The University of Leeds in the U.K. recently opened the National Pig Center, which will enable researchers to gain new insights into pig management through the use of precision nutrition and 24-hour monitoring.
According to the announcement, scientists from a range of disciplines at the university will use new state-of-the-art facilities to help improve the sustainability and efficiency of pig production.
The National Pig Center will be a leading research facility for pig nutrition, behavior, health and production system research — all themes identified by the livestock industry as central to improving quality, productivity and future competitiveness.
Supported by more than £11 million of investment, the facilities make Yorkshire, U.K., one of the best places in Europe for pig research, the university said.
“This new center allows us to expand our work to improve the welfare of pigs and the sustainability of the British pig industry," professor Lisa Collins, academic lead for the PigSustain project and head of the University of Leeds’ School of Biology, said. “Our aim is to lower the environmental footprint of pig farming while ensuring that high welfare standards are maintained.”
The new center will benefit from academic expertise drawn from across a range of disciplines, including nutrition, health, behavior and fertility as well as computer vision, engineering, soil and water sciences, data analytics and atmospheric and climate science, the university said.
It has been launched in partnership with the Centre for Innovation Excellence in Livestock (CIEL). CIEL has invested £4.5 million with funding from Innovate UK, the U.K.’s innovation agency.
The investment includes a three-fold increase in the previous capacity of the farm, from 200 to 660 sows, ensuring that research carried out at the center better represents commercial pig farming. Of these sows, 220 will live outdoors.
The combination of an outdoor sow unit with an indoor system is unique in Europe, enabling direct comparison of the different rearing systems, Leeds said.
Academics will work to identify the key factors contributing to the environmental footprint of pig farming and attempt to find alternatives that could drive down the sector’s greenhouse gas emissions.
The center’s indoor facility includes the ability to perform in-depth, automated nutrition trials to understand how best to feed and manage pigs at all stages of production, Leeds said. By harnessing precision nutrition, based on individual requirements, the aim is to reduce the cost of production, improve feed efficiency and reduce the environmental impact of pig farming.
Researchers will also be able to make feed recommendations that keep pace with ongoing genetic improvements to pigs.
The indoor facility is equipped with closed-circuit television throughout, permitting around-the-clock observations of individual pig behavior at all stages of production. Researchers will use computer vision to automate data collection from the video footage so behavior and nutrition can be monitored at the individual pig level, the announcement said.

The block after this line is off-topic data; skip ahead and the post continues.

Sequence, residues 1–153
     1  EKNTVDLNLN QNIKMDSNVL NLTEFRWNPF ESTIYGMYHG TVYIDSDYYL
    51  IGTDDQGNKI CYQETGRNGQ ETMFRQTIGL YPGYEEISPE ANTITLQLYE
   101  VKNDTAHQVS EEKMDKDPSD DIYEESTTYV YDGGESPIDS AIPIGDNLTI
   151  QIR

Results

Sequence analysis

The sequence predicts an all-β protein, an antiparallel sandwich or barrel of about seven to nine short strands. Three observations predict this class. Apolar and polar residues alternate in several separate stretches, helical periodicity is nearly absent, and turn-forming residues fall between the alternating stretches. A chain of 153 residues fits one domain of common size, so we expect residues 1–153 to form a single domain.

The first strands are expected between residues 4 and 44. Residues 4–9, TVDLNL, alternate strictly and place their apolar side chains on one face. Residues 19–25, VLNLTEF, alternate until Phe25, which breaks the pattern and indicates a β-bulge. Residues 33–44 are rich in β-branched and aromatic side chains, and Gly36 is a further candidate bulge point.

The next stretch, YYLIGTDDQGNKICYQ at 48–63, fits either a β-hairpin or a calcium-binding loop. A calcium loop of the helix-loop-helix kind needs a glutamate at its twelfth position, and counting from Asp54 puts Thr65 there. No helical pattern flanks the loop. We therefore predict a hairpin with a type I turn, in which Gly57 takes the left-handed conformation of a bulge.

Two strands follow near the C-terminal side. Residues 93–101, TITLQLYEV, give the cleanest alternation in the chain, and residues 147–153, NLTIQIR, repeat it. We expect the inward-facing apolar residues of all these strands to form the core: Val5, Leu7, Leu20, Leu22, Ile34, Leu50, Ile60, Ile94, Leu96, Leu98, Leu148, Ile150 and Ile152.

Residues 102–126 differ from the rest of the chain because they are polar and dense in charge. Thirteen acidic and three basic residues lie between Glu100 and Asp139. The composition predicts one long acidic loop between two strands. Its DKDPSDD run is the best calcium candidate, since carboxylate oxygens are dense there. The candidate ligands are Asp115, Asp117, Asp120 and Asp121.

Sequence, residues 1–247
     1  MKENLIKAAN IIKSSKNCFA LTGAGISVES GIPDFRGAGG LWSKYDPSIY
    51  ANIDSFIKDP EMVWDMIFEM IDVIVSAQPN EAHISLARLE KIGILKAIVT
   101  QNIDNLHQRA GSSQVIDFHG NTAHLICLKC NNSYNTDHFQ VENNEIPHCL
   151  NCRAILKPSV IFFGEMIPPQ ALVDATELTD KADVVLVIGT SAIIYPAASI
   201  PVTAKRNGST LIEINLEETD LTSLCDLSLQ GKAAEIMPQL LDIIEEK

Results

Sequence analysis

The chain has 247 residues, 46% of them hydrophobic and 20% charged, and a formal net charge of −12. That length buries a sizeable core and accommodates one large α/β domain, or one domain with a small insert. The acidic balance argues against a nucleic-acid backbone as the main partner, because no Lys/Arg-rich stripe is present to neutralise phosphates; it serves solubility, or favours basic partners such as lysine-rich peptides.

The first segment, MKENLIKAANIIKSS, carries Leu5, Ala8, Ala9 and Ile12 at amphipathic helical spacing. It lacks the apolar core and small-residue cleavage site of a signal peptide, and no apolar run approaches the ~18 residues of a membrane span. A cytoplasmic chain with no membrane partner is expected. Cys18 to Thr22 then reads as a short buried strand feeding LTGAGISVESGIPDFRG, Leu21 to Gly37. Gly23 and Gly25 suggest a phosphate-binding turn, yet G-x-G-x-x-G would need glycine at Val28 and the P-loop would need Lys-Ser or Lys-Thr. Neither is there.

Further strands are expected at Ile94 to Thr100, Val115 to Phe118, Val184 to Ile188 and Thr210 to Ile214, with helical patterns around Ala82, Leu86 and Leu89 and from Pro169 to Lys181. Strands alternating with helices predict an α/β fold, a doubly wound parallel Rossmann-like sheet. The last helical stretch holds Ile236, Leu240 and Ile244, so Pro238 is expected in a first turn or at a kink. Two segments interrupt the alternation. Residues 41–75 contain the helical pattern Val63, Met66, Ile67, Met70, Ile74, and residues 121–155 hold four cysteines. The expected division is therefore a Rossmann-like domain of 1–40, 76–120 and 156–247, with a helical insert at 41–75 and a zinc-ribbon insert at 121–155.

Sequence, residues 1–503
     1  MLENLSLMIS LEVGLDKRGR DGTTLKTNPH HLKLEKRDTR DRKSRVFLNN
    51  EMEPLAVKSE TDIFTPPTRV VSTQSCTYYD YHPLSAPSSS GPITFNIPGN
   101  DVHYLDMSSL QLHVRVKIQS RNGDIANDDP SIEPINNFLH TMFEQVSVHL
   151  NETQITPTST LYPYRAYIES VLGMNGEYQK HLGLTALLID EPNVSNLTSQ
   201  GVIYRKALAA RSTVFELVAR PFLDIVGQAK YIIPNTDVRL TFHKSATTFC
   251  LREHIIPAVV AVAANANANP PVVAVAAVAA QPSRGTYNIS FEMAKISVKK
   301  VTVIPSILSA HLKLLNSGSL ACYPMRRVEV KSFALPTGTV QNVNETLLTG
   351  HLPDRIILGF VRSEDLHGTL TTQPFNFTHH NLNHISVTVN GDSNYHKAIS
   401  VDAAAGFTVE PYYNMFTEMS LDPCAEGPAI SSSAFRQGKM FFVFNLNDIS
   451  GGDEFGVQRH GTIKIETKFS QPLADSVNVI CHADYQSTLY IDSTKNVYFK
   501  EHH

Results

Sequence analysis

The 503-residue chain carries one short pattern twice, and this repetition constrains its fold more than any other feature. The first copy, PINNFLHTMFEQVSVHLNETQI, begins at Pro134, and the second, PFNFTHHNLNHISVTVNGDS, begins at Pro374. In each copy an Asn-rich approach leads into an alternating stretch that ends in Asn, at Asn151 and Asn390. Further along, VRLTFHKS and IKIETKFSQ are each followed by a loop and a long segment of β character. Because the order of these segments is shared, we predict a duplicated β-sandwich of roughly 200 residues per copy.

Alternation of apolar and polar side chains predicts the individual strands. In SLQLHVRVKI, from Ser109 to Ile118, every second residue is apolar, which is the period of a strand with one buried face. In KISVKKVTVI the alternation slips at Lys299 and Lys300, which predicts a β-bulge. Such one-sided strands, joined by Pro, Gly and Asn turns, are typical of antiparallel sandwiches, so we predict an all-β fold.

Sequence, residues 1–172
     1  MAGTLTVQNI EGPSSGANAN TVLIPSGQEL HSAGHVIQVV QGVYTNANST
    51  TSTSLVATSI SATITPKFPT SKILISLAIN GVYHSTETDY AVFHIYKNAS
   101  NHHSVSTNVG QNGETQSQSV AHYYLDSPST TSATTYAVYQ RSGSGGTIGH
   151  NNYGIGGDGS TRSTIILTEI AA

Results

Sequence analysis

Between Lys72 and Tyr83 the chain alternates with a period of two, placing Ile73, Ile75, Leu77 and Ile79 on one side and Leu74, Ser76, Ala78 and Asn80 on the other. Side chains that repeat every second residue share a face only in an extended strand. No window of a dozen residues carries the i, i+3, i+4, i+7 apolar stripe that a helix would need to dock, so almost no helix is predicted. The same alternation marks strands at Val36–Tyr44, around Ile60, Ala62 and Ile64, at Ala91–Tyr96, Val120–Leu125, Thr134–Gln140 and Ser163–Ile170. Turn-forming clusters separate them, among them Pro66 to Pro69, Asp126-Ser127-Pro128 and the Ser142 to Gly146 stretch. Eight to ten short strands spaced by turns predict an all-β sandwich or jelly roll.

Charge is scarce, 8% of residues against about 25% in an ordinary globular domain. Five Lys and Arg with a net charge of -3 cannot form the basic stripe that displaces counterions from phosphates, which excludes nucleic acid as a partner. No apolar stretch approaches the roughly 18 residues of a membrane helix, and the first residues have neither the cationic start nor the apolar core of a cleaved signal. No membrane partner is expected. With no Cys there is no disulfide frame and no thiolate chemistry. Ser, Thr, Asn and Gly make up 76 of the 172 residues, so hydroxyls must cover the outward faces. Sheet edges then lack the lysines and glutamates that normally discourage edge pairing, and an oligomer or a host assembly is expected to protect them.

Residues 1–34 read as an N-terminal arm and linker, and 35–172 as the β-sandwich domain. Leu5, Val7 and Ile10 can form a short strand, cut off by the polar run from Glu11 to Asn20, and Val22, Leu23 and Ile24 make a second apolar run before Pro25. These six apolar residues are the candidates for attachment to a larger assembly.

Students from across the university will have the opportunity to study at the National Pig Center as part of their degrees, and some will have chance to contribute to research projects taking place at the farm.
University of Leeds vice chancellor Sir Alan Langlands said, "Leeds is proud to be working in a number of ways at home and internationally to improve food security and the sustainability of the agricultural sector. The National Pig Center will provide a key national resource for industry to work in partnership with the university to develop innovative and practical solutions that make a positive contribution to the economy, environment and society."
Collaborating with industry
Centrally located in the U.K., the center will promote engagement, discussion and collaboration between researchers and the industry. The university and CIEL will work together to drive this process.
As a membership organization, CIEL works with businesses across the livestock supply chain to identify and develop research needs and build relevant collaborations to deliver new technologies and processes that address key challenges facing the sector.
"We're very proud to work with Leeds and develop this first for the pig and pork industry,” CIEL chief executive Lyndsay Chapman said. “It provides unique research capability on a commercially relevant scale and complements the investments we’ve made across the CIEL network. Through our nationwide collaborative alliance, we're working to ensure industry has access to the very best expertise in this field of research."
Projects at the National Pig Center will help tackle some of the current challenges in pig production, including:
• Nutrition -- Developing precision feeding for livestock to improve sustainability and productivity and study the effects of nutrition on welfare and behavior;
• Antimicrobial resistance -- Developing healthier pigs with more robust gut health and improved resistance to disease, thereby reducing antibiotic use;
• Production systems -- Improving efficiency of production and identifying better ways to feed and manage pigs, and
• Animal health -- Monitoring pig behavior and developing algorithms to allow for early detection of health conditions.